Moreover, multiple sequence alignment of GmolCSP8 with homologous CSPs from other Lepidopteran species revealed the presence of a typical conserved motif containing four cysteines (C1-X6-8-C2-X16-21-C3-X2-C4, X represent any amino acids except cysteine) (Figure 1B). Furthermore, using the NCBI BLASTx program, we found that GmolCSP8 shared relatively high sequence similarity with other insect CSPs, with 82% identity with Lobesia botrana LbotCSP8 (GenBank No. AXF48705.1), and almost 60% identities with Ostrinia furnacalis OfurCSP6 (GenBank No. BAV56810.1), Spodoptera litura SlitCSP12 (GenBank No. ALJ30223.1), Cnaphalocrocis medinalis CmedCSP31, Dendrolimus punctatus DpunCSP10 (GenBank No. ARO70314.1), Conogethes punctiferalis CpunCSP8 (GenBank No. AHX37222.1), and Ectropis obliqua EoblCSP20 (GenBank No. ALS03845.1). GmolCSP8 shared relatively low sequence identity (less than 50%) with the other 14 CSPs from intraspecific species (Supplementary Table S2). Subsequently, 104 CSPs obtained from different order insects comprised of Graphilita molesta (15 sequences), Laodelphax striatella (12 sequences), Aedes aegypti (43 sequences), Bombyx mori (16 sequences) and Tribolium castaneum (18 sequences) were selected and used to construct phylogenetic tree. Phylogenetic analysis showed that GmolCSP8 was clustered into a small branch close to BmorCSP13 from B. mori and TcasCSP6 from T. castaneum (Figure 2). The majority of CSPs of A. aegypti and T. castaneum clustered into the same branch with intraspecific CSPs, while the CSPs of G. molesta, B. mori, and L. striatella were highly divergent and clustered into dozens of branches of the in Neighbor-joining tree (Figure 2).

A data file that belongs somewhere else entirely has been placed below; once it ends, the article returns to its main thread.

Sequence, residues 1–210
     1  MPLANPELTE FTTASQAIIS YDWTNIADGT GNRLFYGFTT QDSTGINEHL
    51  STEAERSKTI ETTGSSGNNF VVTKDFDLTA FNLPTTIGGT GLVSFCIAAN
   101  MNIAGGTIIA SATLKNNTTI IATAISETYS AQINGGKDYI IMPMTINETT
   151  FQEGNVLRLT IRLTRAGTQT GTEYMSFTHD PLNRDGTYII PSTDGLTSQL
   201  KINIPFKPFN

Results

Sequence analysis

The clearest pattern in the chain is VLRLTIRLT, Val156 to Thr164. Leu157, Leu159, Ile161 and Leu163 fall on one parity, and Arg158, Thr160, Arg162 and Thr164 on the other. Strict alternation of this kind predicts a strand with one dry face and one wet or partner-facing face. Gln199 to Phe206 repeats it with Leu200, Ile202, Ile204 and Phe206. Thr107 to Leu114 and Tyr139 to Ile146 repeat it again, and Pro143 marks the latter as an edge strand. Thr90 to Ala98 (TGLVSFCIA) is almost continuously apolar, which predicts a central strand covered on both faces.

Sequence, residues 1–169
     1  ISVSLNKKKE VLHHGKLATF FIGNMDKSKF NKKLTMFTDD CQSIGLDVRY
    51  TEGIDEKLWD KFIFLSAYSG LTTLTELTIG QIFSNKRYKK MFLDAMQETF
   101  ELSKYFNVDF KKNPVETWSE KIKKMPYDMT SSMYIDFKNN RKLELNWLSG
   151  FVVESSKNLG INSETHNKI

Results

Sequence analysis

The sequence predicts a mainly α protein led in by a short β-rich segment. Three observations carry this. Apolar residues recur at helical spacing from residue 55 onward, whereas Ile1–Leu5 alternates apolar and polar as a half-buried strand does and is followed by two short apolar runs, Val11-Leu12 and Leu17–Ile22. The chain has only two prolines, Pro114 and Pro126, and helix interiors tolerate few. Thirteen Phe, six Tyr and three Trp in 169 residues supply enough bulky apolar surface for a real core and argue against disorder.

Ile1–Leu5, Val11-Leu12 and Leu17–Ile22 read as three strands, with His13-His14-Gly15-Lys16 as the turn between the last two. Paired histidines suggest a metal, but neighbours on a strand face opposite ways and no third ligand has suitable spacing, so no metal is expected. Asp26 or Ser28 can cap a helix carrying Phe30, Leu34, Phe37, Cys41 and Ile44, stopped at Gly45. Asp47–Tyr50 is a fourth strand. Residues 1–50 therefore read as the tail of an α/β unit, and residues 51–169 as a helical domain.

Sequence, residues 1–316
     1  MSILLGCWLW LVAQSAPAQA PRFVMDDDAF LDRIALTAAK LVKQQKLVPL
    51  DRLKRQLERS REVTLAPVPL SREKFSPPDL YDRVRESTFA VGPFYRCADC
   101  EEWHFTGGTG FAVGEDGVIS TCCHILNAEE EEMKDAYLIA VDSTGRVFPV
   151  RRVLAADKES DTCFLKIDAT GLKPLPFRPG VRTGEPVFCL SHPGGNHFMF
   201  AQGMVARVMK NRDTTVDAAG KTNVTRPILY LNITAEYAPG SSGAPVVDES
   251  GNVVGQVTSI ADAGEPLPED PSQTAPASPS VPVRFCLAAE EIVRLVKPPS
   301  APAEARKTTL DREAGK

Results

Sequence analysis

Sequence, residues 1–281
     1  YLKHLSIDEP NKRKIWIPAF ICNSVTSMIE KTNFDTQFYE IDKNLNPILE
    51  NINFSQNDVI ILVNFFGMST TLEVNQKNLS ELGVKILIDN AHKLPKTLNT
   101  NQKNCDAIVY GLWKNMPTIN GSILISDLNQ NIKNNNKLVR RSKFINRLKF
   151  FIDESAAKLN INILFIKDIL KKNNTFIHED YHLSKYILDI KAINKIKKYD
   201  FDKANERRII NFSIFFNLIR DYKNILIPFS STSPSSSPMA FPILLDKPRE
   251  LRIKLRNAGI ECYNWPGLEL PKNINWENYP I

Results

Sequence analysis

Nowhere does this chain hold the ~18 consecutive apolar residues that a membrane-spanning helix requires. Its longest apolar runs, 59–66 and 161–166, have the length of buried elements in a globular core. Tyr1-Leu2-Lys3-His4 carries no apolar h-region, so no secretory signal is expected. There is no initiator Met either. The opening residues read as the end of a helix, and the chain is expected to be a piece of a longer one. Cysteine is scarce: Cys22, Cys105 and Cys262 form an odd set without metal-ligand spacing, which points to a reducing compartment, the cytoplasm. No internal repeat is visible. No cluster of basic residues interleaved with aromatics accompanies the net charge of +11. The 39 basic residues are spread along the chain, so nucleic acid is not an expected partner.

FIGURE 2
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Figure 2. Phylogenetic tree of CSPs from Grapholita molesta and other insects through the Neighbor-joining method with a bootstrap replication of 1,000. The GenBank accession number and the corresponding amino acid sequences used in the phylogenetic analyses were listed in Supplementary Data Sheet S1. The unrooted tree was constructed using the BioNJ algorithm in Seaview v.4.0 based on the sequence alignment produced via MAFFT version 6. Gmol, Graphilita molesta; Lstr, Laodelphax striatella; Cqui, Culex quinquefasciatus; Bmor, Bombyx mori; Tcas, Tribolium castaneum.

Tissue Expression of GmolCSP8